What can council elections tell us about the national picture?

Volunteers empty ballot boxes at the Glasgow count. Turnout at the Scottish Parliament elections was 55 per cent. Picture: John Devlin
Volunteers empty ballot boxes at the Glasgow count. Turnout at the Scottish Parliament elections was 55 per cent. Picture: John Devlin
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Scotland’s voters returned to the polls yesterday, for the first of two elections set to take place in the space of just over a month.

This time, we will elect the many hundreds of councillors who are given the glamorous task of overseeing things like bin collection and park management.

The important issues that councillors are responsible for are often sidelined during the campaigns to elect them to office.

This year has been no different, with the elections to Scotland’s 32 local authorities being rather overshadowed by the constitutional issues of the day.

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Brexit and Independence look set to continue to cast a long shadow over most aspects of political life, and this vote is no different.

But with yet another election looming, what could the council elections tell us about the state of Scottish politics?


The prospect of another referendum has dominated the political landscape since Brexit, and arguably immediately after the last referendum on our constitutional future.

Ruth Davidson and her Scottish Conservative Party, who have been enjoying something of a revival in the last year, will hope to be the second largest party in terms of Scottish councillors.

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Her party has made opposition to another vote on independence their key (some would unkindly argue only) policy at both upcoming elections.

They want voters to send a message to Nicola Sturgeon by electing as many Tory Councillors across the country as possible.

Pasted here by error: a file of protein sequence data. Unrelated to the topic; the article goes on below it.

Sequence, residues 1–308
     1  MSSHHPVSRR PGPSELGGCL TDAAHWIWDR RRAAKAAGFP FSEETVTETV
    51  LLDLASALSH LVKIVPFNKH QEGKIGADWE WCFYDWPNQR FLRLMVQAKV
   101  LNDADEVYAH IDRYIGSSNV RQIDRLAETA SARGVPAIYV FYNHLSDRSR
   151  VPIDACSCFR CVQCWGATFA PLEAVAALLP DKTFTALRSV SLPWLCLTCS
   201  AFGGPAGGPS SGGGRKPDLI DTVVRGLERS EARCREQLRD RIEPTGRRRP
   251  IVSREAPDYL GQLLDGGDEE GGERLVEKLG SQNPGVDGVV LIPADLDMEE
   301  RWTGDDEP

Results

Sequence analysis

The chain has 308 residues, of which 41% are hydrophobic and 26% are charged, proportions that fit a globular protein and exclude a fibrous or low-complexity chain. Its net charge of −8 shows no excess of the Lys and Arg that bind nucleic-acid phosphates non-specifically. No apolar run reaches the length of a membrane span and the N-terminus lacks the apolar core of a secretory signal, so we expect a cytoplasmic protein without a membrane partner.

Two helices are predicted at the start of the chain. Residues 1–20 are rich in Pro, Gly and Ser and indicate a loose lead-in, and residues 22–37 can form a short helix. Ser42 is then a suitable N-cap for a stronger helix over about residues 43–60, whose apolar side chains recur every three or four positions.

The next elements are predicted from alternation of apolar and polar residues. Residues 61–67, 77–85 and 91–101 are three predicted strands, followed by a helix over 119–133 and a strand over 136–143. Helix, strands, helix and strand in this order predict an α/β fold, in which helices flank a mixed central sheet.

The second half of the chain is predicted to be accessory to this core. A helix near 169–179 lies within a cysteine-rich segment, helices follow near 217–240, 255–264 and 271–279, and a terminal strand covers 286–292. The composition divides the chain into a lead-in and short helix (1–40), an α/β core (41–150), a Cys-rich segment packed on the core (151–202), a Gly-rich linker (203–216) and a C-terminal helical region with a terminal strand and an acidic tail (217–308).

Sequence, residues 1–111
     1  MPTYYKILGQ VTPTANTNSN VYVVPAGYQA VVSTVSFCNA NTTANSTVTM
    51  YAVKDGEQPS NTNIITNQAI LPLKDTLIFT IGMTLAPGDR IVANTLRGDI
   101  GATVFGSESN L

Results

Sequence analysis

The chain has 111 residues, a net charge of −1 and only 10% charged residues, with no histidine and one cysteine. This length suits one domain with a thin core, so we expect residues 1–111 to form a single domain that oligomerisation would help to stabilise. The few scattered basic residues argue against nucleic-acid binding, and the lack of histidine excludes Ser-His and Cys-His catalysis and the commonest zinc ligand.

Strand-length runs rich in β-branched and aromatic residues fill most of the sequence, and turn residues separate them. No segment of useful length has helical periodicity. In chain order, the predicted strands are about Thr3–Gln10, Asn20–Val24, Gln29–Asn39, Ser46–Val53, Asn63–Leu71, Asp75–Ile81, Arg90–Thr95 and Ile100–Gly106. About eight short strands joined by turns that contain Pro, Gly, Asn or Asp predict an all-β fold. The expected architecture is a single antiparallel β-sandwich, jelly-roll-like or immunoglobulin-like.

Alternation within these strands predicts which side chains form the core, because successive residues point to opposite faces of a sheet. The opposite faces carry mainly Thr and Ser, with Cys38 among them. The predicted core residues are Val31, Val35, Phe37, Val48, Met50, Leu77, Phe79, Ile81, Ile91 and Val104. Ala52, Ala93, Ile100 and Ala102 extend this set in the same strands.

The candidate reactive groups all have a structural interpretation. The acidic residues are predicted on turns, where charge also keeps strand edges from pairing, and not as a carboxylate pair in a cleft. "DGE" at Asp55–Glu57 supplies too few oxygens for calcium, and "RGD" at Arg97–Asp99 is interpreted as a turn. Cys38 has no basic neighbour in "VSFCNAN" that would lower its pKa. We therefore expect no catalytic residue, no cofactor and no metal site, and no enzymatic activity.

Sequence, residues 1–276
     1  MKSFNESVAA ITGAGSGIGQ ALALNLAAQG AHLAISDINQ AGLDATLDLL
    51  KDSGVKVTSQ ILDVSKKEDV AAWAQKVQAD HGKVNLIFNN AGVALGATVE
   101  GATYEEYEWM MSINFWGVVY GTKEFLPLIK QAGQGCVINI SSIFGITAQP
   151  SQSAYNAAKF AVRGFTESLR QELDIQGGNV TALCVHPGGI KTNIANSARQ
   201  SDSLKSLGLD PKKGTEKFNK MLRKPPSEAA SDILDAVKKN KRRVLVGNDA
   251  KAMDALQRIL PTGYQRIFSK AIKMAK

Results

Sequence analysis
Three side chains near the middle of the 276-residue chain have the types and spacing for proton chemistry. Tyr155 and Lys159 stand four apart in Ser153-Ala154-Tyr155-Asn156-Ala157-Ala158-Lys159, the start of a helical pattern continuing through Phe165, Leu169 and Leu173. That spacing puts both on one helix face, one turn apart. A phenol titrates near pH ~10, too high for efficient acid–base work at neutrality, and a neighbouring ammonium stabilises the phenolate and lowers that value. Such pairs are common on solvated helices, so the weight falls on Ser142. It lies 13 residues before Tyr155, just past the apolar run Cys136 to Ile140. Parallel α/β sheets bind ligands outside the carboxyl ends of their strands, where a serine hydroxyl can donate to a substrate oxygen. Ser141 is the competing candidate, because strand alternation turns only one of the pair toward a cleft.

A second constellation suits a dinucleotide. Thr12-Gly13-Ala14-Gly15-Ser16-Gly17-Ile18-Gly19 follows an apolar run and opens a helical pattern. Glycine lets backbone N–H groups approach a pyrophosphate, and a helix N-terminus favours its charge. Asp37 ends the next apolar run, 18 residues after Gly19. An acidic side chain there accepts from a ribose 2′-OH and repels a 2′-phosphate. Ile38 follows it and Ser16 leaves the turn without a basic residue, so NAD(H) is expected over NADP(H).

What influence a local councillor, no matter the party, can have on whether or not Scotland has another referendum isn’t clear, but it is the force in numbers that the Tories believe will cause Nicola Sturgeon to back down on her demands.

Labour’s destruction complete

One of the most prominent national political issues that will most likely be underscored by the results of today’s election, is the decline of

Scottish Labour.

Once the most dominant force in Scottish politics, once even the only real force in Scottish politics, Labour have been consistently thrashed at all manner of elections.

They belied this recent terrible form by holding up their vote at the council elections of 2012, when they came just behind the SNP in terms of number of councillors elected.

The party also denied the SNP their main prize of taking control of Glasgow City Council, which Labour have controlled for decades.

It seems unlikely that such a feat will be repeated once the votes are counted tomorrow at the Emirates Arena in the city’s East End.

The SNP have made taking control of Glasgow City Council once again their number one priority, with Nicola Sturgeon taking a personal hand in the campaign.

While there is some thinking that Ms Sturgeon’s party may have to do a deal with other parties to take control, others are more bullish.

SNP sources concede that their internal target is higher than the 42 required to take overall majority control of the council.

Labour could also lose enough councillors to come second nationally behind the Conservatives, a repeat of the indignity that Kezia Dugdale’s party suffered at the Holyrood elections last year.

A change of strategy?

Politicians will of course focus ward-by-ward, and council-by-council as far as establishing where they stand with the electorate.

But there will be a certain amount of poring over the national picture to see what changes, if any, need to be made ahead of the general election vote next month.

If the Tories struggle to make in-roads in areas where they have been previously strong, could they scale back their efforts to take up to as many as 10 seats from the SNP?

The SNP could perhaps soften their tone on the upcoming election being a vote on the second referendum if the Tories anti-independence strategy yields results for Ruth Davidson’s party.

Mostly, the changes made after the council elections will go unseen by all but party workers, politicians, and the journalists who cover them.

Subtle changes to messaging, tweaks in voter ID procedures, even what questions are asked on the doorsteps are all part of a lesson parties could learn from today.

Either way, the election fatigue isn’t going away any time soon.